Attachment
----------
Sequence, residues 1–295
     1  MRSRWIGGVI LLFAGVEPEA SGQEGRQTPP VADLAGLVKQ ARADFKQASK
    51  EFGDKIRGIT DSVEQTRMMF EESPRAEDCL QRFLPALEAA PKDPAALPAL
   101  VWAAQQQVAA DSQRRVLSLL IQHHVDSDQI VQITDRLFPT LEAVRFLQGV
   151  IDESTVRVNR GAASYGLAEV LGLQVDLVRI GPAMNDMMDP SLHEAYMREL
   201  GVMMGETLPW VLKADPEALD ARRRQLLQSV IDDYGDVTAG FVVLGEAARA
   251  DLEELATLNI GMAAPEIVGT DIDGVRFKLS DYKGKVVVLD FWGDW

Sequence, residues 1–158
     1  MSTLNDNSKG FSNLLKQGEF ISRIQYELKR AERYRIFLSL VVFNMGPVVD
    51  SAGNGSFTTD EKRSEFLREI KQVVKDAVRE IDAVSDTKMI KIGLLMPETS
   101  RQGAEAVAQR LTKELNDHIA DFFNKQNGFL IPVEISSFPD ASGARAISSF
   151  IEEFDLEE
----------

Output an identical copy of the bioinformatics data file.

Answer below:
Sequence, residues 1–295
     1  MRSRWIGGVI LLFAGVEPEA SGQEGRQTPP VADLAGLVKQ ARADFKQASK
    51  EFGDKIRGIT DSVEQTRMMF EESPRAEDCL QRFLPALEAA PKDPAALPAL
   101  VWAAQQQVAA DSQRRVLSLL IQHHVDSDQI VQITDRLFPT LEAVRFLQGV
   151  IDESTVRVNR GAASYGLAEV LGLQVDLVRI GPAMNDMMDP SLHEAYMREL
   201  GVMMGETLPW VLKADPEALD ARRRQLLQSV IDDYGDVTAG FVVLGEAARA
   251  DLEELATLNI GMAAPEIVGT DIDGVRFKLS DYKGKVVVLD FWGDW

Sequence, residues 1–158
     1  MSTLNDNSKG FSNLLKQGEF ISRIQYELKR AERYRIFLSL VVFNMGPVVD
    51  SAGNGSFTTD EKRSEFLREI KQVVKDAVRE IDAVSDTKMI KIGLLMPETS
   101  RQGAEAVAQR LTKELNDHIA DFFNKQNGFL IPVEISSFPD ASGARAISSF
   151  IEEFDLEE